Letter: Washington must embrace the middle

The Capitol dome on Capitol Hill in Washington. The Capitol dome on Capitol Hill in Washington. Photo Credit: AP

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I am amazed that our highest elected officials cannot agree on what is good for the people who put them in office ["As DC fiddles, LI braces for fall," News, Dec. 28].

As we approach the "fiscal cliff," and a potential recession looms, I ponder why my taxes should go up again. I certainly pay enough, between income tax, property tax, sales tax, gasoline tax -- the list goes on. Didn't America fight a revolution to get away from so much taxation?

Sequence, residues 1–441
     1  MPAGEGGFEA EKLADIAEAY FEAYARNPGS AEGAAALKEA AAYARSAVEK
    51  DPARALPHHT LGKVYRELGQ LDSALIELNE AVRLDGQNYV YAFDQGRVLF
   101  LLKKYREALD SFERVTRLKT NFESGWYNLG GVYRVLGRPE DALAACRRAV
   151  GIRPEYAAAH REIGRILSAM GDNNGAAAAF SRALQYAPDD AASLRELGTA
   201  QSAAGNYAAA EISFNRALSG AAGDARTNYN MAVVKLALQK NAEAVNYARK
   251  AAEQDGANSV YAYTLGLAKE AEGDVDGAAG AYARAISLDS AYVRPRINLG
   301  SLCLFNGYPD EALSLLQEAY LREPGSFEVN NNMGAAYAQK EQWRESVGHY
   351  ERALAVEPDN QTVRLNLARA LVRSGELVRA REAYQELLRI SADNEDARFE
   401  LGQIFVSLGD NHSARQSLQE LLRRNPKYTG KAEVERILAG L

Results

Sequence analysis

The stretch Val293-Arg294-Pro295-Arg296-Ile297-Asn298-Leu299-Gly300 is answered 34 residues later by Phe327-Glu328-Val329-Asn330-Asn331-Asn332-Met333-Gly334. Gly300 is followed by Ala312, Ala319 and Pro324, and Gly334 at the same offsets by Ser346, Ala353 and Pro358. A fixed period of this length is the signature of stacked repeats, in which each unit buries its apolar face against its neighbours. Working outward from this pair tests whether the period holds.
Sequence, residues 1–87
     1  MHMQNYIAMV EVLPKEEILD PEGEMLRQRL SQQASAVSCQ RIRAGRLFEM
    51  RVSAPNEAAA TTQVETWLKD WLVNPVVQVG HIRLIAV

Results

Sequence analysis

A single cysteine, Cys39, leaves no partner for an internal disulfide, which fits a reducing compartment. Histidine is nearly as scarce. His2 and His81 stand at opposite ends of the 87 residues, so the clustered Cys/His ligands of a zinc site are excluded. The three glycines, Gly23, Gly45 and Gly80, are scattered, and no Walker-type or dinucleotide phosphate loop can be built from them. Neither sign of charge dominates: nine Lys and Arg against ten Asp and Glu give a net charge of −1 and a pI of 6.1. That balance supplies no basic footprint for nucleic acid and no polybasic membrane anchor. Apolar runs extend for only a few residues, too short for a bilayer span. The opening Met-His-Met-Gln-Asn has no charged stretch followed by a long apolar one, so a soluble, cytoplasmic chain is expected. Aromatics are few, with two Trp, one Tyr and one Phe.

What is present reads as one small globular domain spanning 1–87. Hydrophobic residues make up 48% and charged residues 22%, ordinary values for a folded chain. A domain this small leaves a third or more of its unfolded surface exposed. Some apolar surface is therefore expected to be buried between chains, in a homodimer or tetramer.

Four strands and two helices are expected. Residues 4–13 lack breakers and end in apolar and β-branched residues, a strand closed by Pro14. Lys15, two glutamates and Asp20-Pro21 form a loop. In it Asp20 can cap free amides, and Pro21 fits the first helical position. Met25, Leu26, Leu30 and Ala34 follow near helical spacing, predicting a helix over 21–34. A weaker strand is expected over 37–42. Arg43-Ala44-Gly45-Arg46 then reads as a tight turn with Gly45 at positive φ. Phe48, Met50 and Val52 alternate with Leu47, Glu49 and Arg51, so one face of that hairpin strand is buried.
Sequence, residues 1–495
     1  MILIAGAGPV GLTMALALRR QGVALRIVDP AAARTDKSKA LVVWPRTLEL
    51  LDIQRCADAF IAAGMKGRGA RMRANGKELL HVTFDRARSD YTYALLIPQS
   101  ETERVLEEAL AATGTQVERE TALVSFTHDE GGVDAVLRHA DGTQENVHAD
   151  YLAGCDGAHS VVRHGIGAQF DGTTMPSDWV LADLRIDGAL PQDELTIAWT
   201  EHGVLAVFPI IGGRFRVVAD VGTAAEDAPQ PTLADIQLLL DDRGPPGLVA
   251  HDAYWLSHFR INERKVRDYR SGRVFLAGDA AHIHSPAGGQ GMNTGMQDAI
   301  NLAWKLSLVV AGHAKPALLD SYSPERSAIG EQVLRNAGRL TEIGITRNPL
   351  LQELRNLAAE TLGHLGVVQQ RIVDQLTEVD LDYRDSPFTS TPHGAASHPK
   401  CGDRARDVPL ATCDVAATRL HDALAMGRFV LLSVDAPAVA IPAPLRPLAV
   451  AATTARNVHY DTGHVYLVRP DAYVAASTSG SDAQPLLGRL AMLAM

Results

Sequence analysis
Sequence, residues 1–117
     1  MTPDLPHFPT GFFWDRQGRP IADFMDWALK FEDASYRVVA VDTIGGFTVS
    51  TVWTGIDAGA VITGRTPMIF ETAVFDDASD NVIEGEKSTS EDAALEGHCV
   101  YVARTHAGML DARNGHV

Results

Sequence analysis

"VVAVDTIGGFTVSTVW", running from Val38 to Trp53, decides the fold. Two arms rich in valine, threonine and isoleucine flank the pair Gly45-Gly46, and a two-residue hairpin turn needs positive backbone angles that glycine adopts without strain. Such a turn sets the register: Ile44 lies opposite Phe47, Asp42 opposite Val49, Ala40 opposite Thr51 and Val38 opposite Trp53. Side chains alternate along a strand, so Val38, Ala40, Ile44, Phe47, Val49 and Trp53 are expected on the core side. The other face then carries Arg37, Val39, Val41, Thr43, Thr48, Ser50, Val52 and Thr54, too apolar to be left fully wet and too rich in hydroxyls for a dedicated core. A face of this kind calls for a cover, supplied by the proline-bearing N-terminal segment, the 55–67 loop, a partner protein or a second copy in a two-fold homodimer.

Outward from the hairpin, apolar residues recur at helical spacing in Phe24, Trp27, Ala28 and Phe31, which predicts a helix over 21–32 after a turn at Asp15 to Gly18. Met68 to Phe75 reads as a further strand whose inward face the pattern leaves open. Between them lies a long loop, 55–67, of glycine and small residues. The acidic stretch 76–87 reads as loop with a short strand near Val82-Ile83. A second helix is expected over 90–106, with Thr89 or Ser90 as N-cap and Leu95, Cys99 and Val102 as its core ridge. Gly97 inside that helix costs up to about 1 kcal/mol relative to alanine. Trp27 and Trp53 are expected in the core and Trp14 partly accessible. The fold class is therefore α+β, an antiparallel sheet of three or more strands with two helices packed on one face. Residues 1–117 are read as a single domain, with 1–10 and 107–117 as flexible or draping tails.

So as we sit on the sidelines looking at what is going on in Congress, with all the finger-pointing, the real issue is not about what's good for you and me, it's the struggle for power between Democrats and Republicans. You and I are caught in the middle.

I look at our elected officials as our first-responders. In the wake of the recent natural disaster, our real first-responders did not take a break until the job was done. Sometimes, sacrificing oneself for the good of all is the right thing to do.

Philip A Boscia, Syosset

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